PERFORMANCE: The VQ37VHR 3.7-liter V6 under then QX50’s hood isn’t the newest bit of tech around, but it works, and very well. It’s a four valve per cylinder aluminum alloy unit with continuously-variable cam phasing for optimum torque and emissions and friction-reducing technologies to improve efficiency. With maximum 325 horsepower (at 7000 rpm) and 267 lb-ft of torque (at 5200 rpm) there is never any shortage of power for passing or merging or just driving. The seven-speed automatic transmission can aid both performance and fuel efficiency, with low-ratio lower gears, overdrive sixth and seventh, and minimal gaps between ratios. Like nearly all contemporary automatics, it’s programmed to optimize fuel efficiency, so will sometimes be a gear or two high when quick acceleration is demanded. It downshifts quickly enough, and if maximum performance is desired there is manual mode.

CONCLUSIONS: The Infiniti QX50 is a different choice among small luxury crossovers.


2017 Infiniti QX50

Base Price $ 34,450

Price As Tested $ 43,735

Engine Type DOHC 24-valve aluminum alloy V6 with continuously-variable cam phasing

Engine Size 3.7 liters / 226 cu. in.

Horsepower 325 @ 7000 rpm

Torque (lb-ft) 267 @ 5200 rpm

Transmission 7-speed automatic

Wheelbase / Length 113.4 in. / 186.8 in.

Curb Weight 3855 lbs.

Pounds Per Horsepower 11.9

Fuel Capacity 20 gal.

Fuel Requirement 91 octane premium unleaded gasoline

Tires P245/45R19 98V m+s Bridgestone Turanza EL42

Brakes, front/rear vented disc all around, ABS, EBD, BA standard

Suspension, front/rear independent double wishbone / independent multi-link

Ground Clearance 6.9 inches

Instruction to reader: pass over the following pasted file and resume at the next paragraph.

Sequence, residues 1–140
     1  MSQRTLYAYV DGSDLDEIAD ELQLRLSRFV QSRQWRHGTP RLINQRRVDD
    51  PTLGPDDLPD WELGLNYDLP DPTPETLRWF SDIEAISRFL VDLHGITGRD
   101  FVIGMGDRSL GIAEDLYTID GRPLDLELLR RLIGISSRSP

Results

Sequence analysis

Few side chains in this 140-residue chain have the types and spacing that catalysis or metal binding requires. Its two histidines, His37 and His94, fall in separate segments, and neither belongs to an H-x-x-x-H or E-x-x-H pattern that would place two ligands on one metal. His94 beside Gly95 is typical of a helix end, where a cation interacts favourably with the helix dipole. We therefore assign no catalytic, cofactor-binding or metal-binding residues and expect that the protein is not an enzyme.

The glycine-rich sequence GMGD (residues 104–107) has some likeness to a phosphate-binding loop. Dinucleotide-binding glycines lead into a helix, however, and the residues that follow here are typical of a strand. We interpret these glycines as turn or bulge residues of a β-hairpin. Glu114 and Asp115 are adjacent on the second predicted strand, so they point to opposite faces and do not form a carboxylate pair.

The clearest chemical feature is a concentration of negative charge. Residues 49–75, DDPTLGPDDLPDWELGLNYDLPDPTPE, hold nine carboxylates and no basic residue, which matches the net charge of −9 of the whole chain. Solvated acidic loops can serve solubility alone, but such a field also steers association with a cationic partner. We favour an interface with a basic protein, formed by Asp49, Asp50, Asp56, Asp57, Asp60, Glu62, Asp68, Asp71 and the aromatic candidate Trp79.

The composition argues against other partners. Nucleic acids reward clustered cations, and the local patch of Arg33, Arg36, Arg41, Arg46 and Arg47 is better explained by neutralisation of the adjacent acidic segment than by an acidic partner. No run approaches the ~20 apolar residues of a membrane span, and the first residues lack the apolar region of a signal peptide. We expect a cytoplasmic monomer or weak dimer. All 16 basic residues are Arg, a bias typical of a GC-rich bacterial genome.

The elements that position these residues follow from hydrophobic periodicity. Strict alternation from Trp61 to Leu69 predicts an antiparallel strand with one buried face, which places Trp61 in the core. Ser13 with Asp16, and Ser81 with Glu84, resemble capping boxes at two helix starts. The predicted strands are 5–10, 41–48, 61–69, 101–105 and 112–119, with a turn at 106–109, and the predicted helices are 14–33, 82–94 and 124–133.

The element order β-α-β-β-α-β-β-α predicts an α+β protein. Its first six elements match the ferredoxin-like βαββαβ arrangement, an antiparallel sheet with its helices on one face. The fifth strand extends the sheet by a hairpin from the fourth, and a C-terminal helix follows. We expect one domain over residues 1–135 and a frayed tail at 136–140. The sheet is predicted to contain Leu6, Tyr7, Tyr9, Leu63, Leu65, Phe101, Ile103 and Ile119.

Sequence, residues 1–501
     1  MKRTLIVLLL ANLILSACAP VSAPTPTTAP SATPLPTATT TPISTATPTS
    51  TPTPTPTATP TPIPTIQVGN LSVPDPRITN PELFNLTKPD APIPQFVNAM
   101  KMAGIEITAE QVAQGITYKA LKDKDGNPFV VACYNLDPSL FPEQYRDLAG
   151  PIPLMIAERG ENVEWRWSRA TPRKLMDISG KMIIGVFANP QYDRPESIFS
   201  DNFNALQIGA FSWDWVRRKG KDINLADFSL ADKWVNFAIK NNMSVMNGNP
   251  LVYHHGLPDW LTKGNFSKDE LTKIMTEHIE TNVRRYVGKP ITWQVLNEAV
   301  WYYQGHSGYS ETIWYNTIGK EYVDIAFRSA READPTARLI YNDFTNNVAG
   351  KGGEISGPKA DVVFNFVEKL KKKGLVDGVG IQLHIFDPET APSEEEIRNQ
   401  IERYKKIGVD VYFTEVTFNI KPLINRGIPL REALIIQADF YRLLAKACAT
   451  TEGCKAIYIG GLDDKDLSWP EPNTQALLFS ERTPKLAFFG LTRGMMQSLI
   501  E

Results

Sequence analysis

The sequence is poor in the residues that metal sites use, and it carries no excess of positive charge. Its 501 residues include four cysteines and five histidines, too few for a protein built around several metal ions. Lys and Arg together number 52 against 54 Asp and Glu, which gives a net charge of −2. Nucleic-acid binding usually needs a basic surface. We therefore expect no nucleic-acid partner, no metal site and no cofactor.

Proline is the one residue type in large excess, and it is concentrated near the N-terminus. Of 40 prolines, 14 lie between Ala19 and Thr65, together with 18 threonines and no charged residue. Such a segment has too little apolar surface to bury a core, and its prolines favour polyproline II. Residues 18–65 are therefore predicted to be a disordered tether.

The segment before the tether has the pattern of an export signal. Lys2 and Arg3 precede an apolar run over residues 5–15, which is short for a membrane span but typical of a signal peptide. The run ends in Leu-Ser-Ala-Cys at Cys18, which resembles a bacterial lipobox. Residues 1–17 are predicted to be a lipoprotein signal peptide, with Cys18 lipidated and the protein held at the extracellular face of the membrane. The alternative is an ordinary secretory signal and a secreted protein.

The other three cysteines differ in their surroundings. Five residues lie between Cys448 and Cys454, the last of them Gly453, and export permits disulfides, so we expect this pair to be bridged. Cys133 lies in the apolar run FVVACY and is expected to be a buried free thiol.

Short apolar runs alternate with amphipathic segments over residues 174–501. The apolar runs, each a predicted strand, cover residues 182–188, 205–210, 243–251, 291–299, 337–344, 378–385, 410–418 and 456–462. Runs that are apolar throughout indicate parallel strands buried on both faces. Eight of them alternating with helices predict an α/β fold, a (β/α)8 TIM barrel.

Drivetrain front engine, rear-wheel drive


EPA Fuel Economy - miles per gallon city / highway / observed 17 / 24 / 20

0 to 60 mph 5.9 sec


Premium Package — includes: Bose® 11-speaker premium sound system with single in-dash CD/DVD player, Advanced Climate Control System, dual occupant memory system for driver’s seat, outside mirrors, and steering wheel, entry/exit assist for steering wheel, outside mirrors with reverse tilt-down, auto-dimming inside mirror with Homelink® universal transceiver, maple interior accents, power tilt- and-reach steering column, aluminum roof rails $ 700

Premium Plus Package — includes: Infiniti navigation system, Around View® monitor with front and rear sonar system, XM NavTraffic® and NavWeather™ with real-time traffic and weather, streaming audio via Bluetooth $ 2,000

Deluxe Touring Package — includes: 19-inch split 5-spoke aluminum alloy wheels with 245/45R19 all-season tires, high-intensity discharge (HID) xenon headlights, adaptive front lighting system with auto-leveling headlights, 8-way power front passenger seat, 2-way power driver’s seat lumbar support, coat hanger on driver’s seat head restraint, power up-folding rear seats, premium stitching on meter hood $ 2,400

Technology Package — includes: Intelligent Cruise Control, blind spot warning, lane-departure warning and prevention, intelligent brake assist with forward collision warning, aluminum pedals $ 2,750

Illuminated kick plates $ 440

Destination Charge $ 995